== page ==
Twitter Democracy and the Starbucks Experience

I was reflecting recently on the political upheaval in Egypt and how Twitter and Facebook seem to be organizing tools of preference for Egyptian citizens seeking greater political, social and economic freedoms. While one certainly is moved by events in Egypt, I am skeptical that Twitter is the ultimate “democracy tool” that many in our pop-culture media seem so joyous to promote.

In fairness, how many people can afford a smart phone in Egypt with average wages of $2 a day? Also, while I would love to believe that people are tweeting about such as topics as “democracy,” “individual rights,” “torture,” “education,” or “job creation,” Twitter trends suggest something radically different. Found below are the top ten Twitter trends for February 7th, 2011:

1. #superbowl (promoted)

2. #idontunderstandwhy (new)

3. #aristegui (new)

4. Gary Moore (new)

5. FEMME FATALE (unchanged)

6. Green & Yellow (unchanged)

7. MVS (new)

8. Puppy Bowl (new)

9. Robert Kubica (new)

10. National Anthem (new)

While these are important topics for many Americans, it is unlikely that politicans in DC or big business will alter the way they conduct business or discuss Afghanistan or the budget deficit in a civil manner. I mean, what politician is going to fault Christina Aguilera for not getting the words to the National Anthem correct at the Super Bowl? Fergie (whoever that is) certainly isn’t. To paraphrase a tongue-in-cheek British organizational manual, “think small and the big things will take care of themselves.” Let’s face it, Twitter is more about entertainment than education or communication, so I wish the talking-heads in the media would stop pretending that tweets reflect the will of the people.  On second thought, maybe tweets really do.   That’s certainly a disturbing thought.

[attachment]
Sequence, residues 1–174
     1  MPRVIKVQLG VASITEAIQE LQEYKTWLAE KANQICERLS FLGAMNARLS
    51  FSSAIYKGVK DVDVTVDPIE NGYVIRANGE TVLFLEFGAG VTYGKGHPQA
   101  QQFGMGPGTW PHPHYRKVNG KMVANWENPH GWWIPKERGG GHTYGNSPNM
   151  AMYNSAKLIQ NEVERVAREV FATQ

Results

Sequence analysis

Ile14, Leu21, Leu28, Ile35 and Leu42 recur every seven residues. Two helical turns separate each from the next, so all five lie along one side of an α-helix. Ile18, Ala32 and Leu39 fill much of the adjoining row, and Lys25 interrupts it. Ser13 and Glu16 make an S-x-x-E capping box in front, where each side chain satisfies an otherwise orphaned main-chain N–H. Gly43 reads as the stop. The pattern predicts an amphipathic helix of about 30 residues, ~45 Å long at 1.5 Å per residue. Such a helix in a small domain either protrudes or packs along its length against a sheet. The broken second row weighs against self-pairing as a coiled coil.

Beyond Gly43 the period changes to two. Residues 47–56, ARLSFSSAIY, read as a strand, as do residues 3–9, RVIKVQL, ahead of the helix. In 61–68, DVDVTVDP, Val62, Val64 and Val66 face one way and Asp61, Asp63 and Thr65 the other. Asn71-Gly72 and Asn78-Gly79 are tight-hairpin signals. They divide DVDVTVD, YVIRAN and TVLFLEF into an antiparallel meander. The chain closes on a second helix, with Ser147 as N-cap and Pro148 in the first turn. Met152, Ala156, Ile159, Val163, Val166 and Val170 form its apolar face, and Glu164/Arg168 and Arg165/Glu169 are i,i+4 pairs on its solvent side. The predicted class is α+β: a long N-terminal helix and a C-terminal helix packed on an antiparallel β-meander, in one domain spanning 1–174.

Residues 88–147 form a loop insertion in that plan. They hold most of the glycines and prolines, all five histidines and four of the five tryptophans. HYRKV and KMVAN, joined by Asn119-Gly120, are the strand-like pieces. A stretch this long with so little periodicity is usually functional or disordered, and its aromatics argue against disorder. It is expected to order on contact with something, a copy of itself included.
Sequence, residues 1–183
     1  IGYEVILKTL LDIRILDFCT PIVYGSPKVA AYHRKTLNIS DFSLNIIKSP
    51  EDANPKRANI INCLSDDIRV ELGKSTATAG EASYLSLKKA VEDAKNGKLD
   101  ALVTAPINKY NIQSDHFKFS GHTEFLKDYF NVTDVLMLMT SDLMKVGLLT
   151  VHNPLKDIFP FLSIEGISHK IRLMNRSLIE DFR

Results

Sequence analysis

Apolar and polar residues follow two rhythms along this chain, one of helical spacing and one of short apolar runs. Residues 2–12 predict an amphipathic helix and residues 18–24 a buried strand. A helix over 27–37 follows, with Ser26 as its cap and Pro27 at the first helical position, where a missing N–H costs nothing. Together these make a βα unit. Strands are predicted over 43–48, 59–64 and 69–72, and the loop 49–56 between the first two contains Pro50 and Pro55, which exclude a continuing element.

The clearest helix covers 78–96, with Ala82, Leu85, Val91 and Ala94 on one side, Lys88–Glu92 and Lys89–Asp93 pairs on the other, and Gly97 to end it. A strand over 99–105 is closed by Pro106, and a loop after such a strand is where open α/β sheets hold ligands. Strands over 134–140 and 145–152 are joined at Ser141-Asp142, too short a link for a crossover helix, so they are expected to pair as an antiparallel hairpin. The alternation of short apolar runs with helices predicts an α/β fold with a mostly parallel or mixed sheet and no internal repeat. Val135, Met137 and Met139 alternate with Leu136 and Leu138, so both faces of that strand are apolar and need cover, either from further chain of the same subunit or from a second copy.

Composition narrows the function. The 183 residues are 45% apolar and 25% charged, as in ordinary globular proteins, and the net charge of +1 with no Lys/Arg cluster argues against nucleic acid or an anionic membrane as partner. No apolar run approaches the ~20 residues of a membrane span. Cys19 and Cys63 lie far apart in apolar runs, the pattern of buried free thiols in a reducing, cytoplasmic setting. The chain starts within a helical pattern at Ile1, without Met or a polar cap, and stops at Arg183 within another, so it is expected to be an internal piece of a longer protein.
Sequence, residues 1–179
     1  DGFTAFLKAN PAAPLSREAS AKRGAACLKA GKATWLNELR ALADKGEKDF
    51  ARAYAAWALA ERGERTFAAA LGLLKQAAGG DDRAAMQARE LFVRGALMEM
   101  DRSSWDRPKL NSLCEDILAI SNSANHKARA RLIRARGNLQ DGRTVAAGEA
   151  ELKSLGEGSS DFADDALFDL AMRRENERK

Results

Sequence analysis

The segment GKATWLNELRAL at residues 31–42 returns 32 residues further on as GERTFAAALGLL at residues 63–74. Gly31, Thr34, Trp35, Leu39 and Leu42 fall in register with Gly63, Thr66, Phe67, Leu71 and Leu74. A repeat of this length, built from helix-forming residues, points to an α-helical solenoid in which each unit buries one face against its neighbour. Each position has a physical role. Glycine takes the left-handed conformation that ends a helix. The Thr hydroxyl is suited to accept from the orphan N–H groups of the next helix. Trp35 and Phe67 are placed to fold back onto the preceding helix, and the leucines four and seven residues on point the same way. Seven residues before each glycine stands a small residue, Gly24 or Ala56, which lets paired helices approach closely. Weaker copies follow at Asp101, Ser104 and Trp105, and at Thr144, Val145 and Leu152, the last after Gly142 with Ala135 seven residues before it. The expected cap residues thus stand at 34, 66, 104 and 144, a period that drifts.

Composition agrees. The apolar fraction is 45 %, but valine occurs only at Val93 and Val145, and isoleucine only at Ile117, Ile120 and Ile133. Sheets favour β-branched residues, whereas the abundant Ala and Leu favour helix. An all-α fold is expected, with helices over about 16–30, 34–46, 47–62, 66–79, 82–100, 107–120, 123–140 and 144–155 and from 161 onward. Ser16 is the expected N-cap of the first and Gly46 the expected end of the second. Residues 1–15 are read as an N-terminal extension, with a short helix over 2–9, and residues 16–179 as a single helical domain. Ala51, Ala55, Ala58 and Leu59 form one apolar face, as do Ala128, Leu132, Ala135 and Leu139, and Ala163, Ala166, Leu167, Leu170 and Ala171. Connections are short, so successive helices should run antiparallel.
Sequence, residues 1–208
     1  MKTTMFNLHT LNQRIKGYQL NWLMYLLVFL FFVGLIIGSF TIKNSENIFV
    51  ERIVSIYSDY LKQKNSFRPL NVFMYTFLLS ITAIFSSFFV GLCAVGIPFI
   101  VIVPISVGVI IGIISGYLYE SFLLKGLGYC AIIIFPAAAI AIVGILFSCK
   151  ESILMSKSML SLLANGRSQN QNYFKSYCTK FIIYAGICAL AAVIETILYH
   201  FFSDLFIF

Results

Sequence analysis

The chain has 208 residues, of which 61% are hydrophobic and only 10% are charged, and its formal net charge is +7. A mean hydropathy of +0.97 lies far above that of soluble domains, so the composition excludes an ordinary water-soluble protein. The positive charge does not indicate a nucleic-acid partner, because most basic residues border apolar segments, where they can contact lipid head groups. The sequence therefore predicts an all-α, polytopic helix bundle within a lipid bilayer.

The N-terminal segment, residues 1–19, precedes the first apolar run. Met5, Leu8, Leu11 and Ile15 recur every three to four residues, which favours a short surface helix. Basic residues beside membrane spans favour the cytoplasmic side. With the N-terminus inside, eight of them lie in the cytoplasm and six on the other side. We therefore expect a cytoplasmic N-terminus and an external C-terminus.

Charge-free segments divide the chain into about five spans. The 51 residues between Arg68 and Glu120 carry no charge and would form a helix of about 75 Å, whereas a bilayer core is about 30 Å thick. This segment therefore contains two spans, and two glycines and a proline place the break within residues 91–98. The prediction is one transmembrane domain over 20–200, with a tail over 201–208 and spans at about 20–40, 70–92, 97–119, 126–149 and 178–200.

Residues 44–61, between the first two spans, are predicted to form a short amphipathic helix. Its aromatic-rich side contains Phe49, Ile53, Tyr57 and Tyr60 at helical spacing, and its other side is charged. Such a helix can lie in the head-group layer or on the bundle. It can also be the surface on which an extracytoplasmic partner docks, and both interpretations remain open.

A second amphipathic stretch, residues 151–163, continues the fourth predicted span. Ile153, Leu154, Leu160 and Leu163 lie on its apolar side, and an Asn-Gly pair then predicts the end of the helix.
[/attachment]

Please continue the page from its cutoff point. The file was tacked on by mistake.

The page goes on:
When I think back to the passionate discussions of “life,” “love,” “peace,” and “war” during the Viet Nam era, I can’t help but be reminded that these discussions often took place in bars and cafes that somewhat resembled the scene in ABC Cafe in Les Miserables. In ABC Cafe, students were gathering to man the barricades in Paris in a call to social action while the lovelorn Marius was articulating his love for Closette (Red and Black). In contrast to Les Miserables, see the young woman below describe the benefits of WiFi at Starbucks:


Starbucks WiFi en Yahoo! Video

I would like to think that those in Starbucks sipping their lattes and logged in to their social media accounts are engaged in worthwhile communication. However, I suspect downloading a popular tune or tweeting about your impressions of  Superbowl Ads are perhaps more important than talking to your neighbor at the next table. When the world is seen through the optics of social media, it is a pretty dreary place indeed.

This article is republished with slight revisions, from an article I recently published on the Stationers Guild.   This is a “food for thought” article rather than a “food article.”   Sorry, but even digital writers sometimes must indulge themselves in nostalgia. 

Richard W. May
Stationers Guild

Comments

  1. A tad cynical, no? Or at least depressing. Fergie…we’ve already had this discussion. Nine – ricorda ti?

  2. Ah, that Fergie! Seems like she has lost a bit of weight. Is she the one who sang at the Superbowl?

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